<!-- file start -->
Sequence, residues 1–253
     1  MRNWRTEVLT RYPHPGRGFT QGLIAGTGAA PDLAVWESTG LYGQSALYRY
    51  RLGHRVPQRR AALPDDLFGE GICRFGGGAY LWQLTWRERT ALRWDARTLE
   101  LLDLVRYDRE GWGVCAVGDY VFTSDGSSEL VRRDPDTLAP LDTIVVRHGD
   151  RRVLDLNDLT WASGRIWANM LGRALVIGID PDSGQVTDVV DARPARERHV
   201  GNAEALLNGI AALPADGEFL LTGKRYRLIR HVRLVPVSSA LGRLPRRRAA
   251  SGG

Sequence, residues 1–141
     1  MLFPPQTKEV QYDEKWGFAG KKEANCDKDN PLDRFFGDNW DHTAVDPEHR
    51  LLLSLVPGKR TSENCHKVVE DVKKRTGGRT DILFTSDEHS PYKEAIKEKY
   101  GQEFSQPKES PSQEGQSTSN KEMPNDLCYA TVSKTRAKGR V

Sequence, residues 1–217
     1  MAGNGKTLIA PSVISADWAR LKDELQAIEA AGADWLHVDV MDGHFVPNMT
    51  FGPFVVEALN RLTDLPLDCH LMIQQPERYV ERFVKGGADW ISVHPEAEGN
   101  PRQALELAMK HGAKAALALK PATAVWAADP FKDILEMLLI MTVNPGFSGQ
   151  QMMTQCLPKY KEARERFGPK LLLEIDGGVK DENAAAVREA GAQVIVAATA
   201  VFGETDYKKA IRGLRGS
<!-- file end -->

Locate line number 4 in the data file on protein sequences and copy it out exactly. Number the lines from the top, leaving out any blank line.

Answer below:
   101  LLDLVRYDRE GWGVCAVGDY VFTSDGSSEL VRRDPDTLAP LDTIVVRHGD